9/27/2003
0

A friend who had never visited Big Bend wanted me, a veteran of the region, to join him on an extended weekend of hiking to serve as a tour guide of sorts. I’m used to hiking in the hot sunny conditions characteristic of that part of the country, and warned him in advance that the weather could be harsh, despite the fact that we had planned our trip for late September. Just prior to arriving, a rare, early season Pacific cold front descended on the park, dumping over an inch of rain in the mountains and dropping daytime highs into the upper 60’s. Embarking the South Rim trailhead via the Pinnacles, the towering Chisos were enveloped in a halo of ethereal clouds. Our environ had the feel of the Elfin village in The Lord of the Rings; clouds spilled up and over the North and West edges of the Basin, pouring in through the Window to envelop the camp area below us. Climbing to the Emory Peak trailhead we ascended into the dense, sound-deadening mist. I exclaimed to my friend that this was just not normal as we approached Boot Canyon. Collecting mist dripped from leaves. Water streamed beside and along the trail. A distant, muffled sound grew louder as we approached what is normally a dry streambed. Now it had the appearance of an Appalachian stream, waterfalls dotting its course between clear, shallow pools. We waded across and continued to hike along and through the flowing creek, up the canyon towards our destination. As we approached the South Rim, the stream split into three or four headwaters, each running swift and clear. Stepping to the Rim edge, the clouds momentarily broke, revealing a breathtaking view descending two thousand feet to the Chihuahuan desert floor below and stretching nearly a hundred miles into Mexico. As quickly as the clouds broke, they enveloped us again, muffling all sound and leaving us standing on a ledge that fell away into nothingness. It was as if we had entered a dream.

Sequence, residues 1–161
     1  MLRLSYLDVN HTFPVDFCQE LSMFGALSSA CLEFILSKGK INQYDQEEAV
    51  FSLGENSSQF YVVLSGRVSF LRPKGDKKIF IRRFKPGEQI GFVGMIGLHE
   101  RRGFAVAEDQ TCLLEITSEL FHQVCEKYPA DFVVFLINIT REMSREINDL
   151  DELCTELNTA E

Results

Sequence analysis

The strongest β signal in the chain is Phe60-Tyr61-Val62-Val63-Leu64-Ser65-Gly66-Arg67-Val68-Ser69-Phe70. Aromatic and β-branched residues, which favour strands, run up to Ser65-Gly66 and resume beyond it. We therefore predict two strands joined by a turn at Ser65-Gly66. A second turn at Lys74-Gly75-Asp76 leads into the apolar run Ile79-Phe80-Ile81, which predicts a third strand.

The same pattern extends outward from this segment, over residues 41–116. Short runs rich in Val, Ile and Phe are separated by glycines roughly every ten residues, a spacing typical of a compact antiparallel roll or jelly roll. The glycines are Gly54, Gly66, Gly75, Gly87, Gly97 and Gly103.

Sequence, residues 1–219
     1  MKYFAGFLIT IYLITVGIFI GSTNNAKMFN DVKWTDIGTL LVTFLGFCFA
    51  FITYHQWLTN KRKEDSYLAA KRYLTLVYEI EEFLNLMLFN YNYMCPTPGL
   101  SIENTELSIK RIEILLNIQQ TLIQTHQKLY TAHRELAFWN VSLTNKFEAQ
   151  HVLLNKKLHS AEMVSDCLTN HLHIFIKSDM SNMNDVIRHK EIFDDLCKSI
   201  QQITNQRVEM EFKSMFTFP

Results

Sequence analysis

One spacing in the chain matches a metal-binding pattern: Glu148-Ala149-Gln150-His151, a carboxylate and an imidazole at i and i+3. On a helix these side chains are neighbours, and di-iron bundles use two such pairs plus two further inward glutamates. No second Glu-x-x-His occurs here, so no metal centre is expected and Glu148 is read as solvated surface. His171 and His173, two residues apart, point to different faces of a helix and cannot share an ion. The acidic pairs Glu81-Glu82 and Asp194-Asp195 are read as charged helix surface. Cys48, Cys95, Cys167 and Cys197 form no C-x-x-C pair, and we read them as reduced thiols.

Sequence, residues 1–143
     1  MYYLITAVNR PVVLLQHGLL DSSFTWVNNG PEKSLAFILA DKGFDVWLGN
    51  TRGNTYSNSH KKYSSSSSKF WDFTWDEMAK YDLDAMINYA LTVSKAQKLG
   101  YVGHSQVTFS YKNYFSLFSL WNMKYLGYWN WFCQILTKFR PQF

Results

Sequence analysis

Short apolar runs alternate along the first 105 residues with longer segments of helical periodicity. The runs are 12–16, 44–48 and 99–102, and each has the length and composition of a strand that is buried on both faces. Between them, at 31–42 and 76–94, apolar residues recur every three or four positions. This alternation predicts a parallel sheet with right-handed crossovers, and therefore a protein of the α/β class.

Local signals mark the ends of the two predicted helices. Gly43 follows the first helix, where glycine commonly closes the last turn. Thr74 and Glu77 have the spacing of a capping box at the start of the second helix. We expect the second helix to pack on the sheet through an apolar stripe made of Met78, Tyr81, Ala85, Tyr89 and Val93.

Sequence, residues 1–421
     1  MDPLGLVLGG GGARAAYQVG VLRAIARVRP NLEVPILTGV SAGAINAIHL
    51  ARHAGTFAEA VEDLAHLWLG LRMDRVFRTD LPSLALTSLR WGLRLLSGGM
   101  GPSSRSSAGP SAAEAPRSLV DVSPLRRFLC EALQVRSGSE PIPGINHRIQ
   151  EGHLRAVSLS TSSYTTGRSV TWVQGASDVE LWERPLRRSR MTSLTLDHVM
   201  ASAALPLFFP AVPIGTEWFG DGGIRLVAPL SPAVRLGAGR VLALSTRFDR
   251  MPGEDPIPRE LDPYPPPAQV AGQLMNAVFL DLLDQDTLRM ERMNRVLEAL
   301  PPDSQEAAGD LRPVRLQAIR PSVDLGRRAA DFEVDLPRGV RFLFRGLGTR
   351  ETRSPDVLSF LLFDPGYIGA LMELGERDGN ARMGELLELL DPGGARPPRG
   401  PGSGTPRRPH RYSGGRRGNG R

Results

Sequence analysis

6/14/1998
2

Backpacking in Big Bend is always a test of foritude. I took myself and young daughter on a three day adventure. It took several hours to drive from our home in San Antonio to the trail head. The first thing that had caught our eye were the poor preparation of the other hikers and backpackers. We had read that you had to pack all your water since back country water sources are poor at best. Plus, we had to carry all the extra supplies that go with taking a child. We headed out and made our way up the trail. This leg would joins us to the Boot Spring trail and then we would continue until we had made a loop returning on the Laguna Meadows trail. We learned the hard way that we should have gone on Laguna Meadows for the first leg. The Pinnacles leg as filled with switchbacks and the open exposure in the hot Texas sun was kicking our collective butts. The trail will make you earn your keep, don't think it would have been so bad had we been able to have lighter backs. We continued with our connection to the Boot Springs trail.



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May 2018